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Penn State rewards Franklin with new 6-year deal

Penn State coach James Franklin has finalized a new six-year contract with the school.

Franklin’s new agreement runs through the 2025 season. The compensation committee of Penn State’s board of trustees approved the agreement Friday. Franklin is 55-23 in six seasons at Penn State, guiding the Nittany Lions to the 2016 Big Ten championship, two New Year’s Six bowls and 10 or more wins in three of the past four years.

Terms of the new agreement were not immediately available. Franklin’s previous agreement, finalized in August 2017, ran through the 2022 season.

Franklin’s winning percentage since 2016 (.789, 41-11 overall) ranks seventh among active FBS coaches behind Clemson’s Dabo Swinney, Alabama’s Nick Saban, Boise State’s Bryan Harsin, LSU’s Ed Orgeron, Georgia’s Kirby Smart and Wisconsin’s Paul Chryst. Penn State will learn its bowl opponent Sunday afternoon.

“It’s gratifying to work at a university where the administration cares as much about what happens in the classroom and community as it does about wins and losses,” Franklin said in a prepared statement. “I love Penn State, our players and our dedicated coaches and staff. I’m proud to continue this journey with them and grateful that [university president Eric] Barron, [athletic director] Sandy Barbour and the Board of Trustees share my vision for continuing our pursuit of excellence.”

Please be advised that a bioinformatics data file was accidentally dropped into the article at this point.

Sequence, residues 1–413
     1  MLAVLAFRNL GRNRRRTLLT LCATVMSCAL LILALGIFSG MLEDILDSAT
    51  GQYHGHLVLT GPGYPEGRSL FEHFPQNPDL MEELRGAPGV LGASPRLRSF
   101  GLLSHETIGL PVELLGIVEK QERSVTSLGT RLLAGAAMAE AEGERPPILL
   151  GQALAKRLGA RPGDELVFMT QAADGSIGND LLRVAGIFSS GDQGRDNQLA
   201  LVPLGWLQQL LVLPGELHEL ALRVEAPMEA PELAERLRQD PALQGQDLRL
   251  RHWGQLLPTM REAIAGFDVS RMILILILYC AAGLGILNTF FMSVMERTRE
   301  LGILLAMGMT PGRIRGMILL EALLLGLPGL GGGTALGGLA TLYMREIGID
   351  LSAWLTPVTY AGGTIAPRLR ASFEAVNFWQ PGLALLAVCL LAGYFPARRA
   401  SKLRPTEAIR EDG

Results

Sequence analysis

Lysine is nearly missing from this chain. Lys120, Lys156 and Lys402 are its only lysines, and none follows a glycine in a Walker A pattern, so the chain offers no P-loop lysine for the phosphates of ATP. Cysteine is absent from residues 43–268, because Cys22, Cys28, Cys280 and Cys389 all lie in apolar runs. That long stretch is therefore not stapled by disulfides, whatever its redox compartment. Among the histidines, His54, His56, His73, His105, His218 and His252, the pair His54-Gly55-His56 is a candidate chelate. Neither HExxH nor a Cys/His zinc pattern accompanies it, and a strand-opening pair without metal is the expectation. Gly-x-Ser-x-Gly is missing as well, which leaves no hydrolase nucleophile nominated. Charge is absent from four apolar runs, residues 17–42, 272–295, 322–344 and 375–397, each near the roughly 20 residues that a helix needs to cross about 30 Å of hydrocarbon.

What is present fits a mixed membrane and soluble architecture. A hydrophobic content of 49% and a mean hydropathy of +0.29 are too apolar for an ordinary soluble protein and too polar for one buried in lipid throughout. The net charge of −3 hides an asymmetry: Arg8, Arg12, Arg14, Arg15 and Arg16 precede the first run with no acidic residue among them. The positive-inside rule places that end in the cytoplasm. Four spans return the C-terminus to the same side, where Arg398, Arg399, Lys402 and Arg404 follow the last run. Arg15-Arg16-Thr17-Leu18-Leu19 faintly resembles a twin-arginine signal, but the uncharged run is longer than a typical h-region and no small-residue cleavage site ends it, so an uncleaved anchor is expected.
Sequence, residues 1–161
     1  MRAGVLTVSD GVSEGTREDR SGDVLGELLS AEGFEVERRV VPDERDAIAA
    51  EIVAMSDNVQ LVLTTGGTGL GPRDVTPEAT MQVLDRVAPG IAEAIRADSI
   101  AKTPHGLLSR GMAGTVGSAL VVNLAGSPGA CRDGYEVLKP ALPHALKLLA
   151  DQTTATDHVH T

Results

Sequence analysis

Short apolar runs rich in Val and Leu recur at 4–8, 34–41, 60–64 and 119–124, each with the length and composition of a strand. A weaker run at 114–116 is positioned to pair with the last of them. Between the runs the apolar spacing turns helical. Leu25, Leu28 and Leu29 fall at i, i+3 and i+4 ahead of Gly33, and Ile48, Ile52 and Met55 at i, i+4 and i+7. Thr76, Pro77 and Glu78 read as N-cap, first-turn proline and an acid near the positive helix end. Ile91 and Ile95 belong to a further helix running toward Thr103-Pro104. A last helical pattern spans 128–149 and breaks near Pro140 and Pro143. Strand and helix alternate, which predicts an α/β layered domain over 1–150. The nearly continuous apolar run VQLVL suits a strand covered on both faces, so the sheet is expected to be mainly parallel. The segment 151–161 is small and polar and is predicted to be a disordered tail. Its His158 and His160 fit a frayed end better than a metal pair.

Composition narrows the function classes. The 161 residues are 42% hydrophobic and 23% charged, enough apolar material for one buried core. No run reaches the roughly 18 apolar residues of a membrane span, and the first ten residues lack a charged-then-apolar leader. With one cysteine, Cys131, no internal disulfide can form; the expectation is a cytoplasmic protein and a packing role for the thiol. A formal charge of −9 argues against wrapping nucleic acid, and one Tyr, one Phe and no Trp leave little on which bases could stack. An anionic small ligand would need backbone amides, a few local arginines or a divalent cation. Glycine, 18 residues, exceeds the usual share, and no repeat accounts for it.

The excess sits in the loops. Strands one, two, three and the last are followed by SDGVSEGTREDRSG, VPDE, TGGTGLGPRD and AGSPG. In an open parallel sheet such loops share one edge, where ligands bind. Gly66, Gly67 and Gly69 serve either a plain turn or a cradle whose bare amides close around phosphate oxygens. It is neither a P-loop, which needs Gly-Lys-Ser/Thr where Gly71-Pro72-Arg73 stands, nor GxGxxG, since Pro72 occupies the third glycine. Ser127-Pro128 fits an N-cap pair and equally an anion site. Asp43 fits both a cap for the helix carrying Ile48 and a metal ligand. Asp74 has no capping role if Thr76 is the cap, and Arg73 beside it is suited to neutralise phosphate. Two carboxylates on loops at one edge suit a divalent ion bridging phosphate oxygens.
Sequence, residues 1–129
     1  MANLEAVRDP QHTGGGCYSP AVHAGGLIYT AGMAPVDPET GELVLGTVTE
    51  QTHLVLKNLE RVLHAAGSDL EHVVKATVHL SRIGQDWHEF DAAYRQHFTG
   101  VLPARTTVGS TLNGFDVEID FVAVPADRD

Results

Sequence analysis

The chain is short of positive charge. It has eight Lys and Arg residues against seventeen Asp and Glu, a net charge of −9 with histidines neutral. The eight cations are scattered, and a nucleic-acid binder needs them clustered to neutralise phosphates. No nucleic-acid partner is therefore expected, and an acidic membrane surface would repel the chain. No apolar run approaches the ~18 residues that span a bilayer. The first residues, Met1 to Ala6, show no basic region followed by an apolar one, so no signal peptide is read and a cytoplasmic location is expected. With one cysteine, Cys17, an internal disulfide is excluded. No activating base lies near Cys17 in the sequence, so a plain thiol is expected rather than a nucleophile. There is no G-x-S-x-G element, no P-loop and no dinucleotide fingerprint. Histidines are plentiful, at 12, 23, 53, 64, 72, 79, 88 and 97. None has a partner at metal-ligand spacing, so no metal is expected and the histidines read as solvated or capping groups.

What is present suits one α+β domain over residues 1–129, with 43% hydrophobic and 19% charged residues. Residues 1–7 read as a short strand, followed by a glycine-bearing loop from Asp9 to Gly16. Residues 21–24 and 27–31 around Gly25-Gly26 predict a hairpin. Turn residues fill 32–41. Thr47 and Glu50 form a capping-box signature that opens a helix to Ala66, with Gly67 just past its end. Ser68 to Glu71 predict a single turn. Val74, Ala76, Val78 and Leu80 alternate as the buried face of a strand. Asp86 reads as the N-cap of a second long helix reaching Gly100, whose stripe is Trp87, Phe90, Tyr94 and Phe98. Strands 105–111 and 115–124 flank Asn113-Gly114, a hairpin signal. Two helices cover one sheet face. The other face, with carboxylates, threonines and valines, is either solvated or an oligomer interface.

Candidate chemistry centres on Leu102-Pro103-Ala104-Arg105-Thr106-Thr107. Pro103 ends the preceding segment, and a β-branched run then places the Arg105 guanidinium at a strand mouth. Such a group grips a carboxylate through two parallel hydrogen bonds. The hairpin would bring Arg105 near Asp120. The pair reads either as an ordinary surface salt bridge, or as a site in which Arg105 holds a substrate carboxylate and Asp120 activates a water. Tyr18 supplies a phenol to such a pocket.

Franklin, 47, had been mentioned as a potential candidate for Florida State’s coaching vacancy, and also at USC if the school made a coaching change there. He’s 79-38 overall as an FBS coach at Vanderbilt and Penn State. Franklin won Big Ten coach of the year honors in 2016.

“James came to Penn State with a very clear vision and we have seen that grow and prosper,” Barbour said in a prepared statement. “What he has done to bring success to our program, both on and off the field, has been nothing short of spectacular. James is a true Penn Stater with a commitment to the complete experience for our students by developing them academically, socially and on the field.”

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